MK: We’re revolutionizing the charging quest in New York by offering a service that frees you from being tethered to one spot. Sure, people have charged their gadgets before, but our service allows you to take a powerbank and return it to any nearby machine at any time. Before, you had to find an outlet or leave your phone in a specific location to charge, or buy a powerbank and constantly keep it charged in your bag.

The best part is that you can take our powerbanks with you wherever you go and return them at your convenience. We have our unique software (if you used Citibike, you understand, how the rental works). You’re renting a powerbank through the app, and get notifications, when they return it. 

Nevertheless,  many users grab our power banks for weekend getaways or business trips. Some even love our chargers so much that they ask about buying them for permanent use. Although we don’t offer that option in our app yet, users can call our support service to purchase one and have the cost immediately deducted from their account.

In the past year, approximately six companies have been operating with a similar business model. Some have come and gone, while others are new to the scene. Each company has its own approach, but the ultimate goal of the industry is to raise awareness about the existence of such a service. Currently, only 0.1% of the market is aware of it, based on my estimates. If all players in the industry compete with each other, the market will not grow to 20-30%, as we hope.

The market is gigantic and is not developed in the US and Europe so there will be no tough competition in the next three years. More than that, we are aiming to aggressively develop our franchise business, and also, to become the biggest aggregator in the US eventually. 


What does your team currently look like? 

MK: Initially, I started with my partner and a team of IT specialists (from 3 to 10 people).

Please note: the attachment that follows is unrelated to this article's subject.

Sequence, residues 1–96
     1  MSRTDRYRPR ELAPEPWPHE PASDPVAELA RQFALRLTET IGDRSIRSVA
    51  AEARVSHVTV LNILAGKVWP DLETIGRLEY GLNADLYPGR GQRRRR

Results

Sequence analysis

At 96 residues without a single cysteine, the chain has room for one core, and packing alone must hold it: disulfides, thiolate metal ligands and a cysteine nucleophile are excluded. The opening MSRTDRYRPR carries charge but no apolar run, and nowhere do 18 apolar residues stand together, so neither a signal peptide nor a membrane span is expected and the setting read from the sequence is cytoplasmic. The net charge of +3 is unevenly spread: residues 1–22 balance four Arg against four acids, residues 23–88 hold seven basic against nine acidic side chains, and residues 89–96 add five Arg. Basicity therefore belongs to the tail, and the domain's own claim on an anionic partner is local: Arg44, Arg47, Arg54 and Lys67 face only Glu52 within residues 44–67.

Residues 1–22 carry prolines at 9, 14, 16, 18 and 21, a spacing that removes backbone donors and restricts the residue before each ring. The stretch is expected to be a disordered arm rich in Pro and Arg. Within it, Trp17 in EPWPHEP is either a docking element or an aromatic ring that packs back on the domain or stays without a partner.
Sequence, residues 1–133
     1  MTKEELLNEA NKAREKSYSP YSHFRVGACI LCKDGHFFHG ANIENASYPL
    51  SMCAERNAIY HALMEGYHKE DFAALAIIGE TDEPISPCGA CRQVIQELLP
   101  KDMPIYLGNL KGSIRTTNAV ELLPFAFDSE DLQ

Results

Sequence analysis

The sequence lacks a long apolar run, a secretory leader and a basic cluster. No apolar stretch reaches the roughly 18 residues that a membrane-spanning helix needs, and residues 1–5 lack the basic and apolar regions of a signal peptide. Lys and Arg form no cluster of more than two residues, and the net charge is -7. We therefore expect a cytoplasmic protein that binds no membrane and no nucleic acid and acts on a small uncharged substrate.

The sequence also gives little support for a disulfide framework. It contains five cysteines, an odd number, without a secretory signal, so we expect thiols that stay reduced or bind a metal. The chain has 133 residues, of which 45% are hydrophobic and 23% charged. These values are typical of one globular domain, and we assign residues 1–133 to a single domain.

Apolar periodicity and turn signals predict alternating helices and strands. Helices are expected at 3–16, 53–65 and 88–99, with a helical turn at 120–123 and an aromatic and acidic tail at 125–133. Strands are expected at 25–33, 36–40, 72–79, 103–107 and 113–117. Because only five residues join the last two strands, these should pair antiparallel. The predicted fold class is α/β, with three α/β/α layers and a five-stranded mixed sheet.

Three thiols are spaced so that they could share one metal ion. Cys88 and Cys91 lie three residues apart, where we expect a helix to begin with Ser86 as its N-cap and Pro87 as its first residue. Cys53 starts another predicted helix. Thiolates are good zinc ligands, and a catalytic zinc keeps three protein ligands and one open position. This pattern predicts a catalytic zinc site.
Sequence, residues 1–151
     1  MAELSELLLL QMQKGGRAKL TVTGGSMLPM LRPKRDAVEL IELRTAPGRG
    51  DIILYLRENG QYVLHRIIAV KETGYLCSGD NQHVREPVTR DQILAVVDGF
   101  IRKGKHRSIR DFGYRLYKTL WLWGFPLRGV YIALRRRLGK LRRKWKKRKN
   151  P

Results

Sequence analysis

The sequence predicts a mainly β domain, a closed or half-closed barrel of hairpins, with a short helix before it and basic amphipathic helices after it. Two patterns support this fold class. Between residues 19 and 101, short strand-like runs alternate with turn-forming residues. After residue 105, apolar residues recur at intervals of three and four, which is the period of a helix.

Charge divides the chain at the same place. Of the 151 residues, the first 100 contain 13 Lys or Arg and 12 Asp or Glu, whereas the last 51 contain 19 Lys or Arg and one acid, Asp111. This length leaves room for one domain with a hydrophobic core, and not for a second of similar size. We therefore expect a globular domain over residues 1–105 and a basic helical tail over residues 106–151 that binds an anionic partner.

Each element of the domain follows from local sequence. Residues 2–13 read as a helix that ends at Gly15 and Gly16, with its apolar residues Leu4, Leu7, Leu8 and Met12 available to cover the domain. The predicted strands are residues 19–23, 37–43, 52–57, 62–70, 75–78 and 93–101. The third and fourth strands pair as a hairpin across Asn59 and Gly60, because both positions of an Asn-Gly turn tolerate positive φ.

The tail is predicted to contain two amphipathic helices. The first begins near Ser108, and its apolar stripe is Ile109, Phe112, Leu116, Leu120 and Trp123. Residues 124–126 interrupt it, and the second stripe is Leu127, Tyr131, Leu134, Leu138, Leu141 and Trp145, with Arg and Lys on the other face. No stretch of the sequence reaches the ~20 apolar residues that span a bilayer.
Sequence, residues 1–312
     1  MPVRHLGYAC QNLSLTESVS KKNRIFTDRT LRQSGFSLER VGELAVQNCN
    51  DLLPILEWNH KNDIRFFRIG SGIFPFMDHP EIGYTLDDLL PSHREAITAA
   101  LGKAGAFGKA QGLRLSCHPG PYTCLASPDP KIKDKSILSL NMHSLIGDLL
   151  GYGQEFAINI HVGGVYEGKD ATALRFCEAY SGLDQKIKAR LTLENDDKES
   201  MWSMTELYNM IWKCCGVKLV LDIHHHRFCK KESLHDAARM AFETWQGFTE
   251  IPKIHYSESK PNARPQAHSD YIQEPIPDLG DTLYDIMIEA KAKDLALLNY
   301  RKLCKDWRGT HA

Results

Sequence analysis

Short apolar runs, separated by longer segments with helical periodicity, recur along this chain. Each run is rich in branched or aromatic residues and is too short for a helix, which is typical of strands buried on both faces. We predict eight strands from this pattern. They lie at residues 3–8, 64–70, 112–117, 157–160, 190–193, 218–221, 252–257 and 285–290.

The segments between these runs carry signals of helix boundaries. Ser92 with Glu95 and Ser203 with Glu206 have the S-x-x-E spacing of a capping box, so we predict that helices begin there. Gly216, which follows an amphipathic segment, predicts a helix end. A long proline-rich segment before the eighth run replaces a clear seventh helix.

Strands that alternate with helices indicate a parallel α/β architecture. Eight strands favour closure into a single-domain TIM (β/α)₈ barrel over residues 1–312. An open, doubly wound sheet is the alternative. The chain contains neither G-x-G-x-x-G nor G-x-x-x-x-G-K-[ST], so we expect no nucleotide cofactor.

Now we are a team of 58 highly motivated professionals with offices in New York and remote offices.


TB:What was the hardest in your business?  

MK: As any operational b2c business, we face some troubles while working with customers. Some of them just don’t return the powerbanks, but, fortunately, it’s a quite small present for people. Also, there are peak hours at some locations.

Also, we have some threats in our business. While a possible economic downturn could impact our business, there will always be people with smartphones who require our service. Although large corporations have yet to focus their attention on us, if they do decide to enter the market in the next 18 months, we will have a significant head start in terms of expertise. Therefore, it could be a viable option for them to acquire us, merge with us, or acquire a share in our SAAS-company. 

I stumbled upon the idea for “Recharge.city” almost by chance while trying to meet my own needs. Currently, the market is in its early stages of development, and we have already captured a significant market share in New York, with rapid growth prospects. Hence, there are still numerous opportunities for us to explore in this region. Moreover, we are open to discovering similar niches in related industries.


TB: What are your nearest goals? 

MK: We plan to install at least 3,000 charging stations in New York and sell 50,000 franchisees. In the best-case scenario we plan to set up 4,000 stations in New York and 100,000 stations in other cities and countries. Now we account for 50% of the market in New York. The goal is to occupy 80% of the American market and 80% of the Canadian market within three years.

Globally, the main goal is to make power banks available everywhere within walking distance. So that people can manage their time the way they want, and not having to sit next to a power outlet and wait for the phone to charge.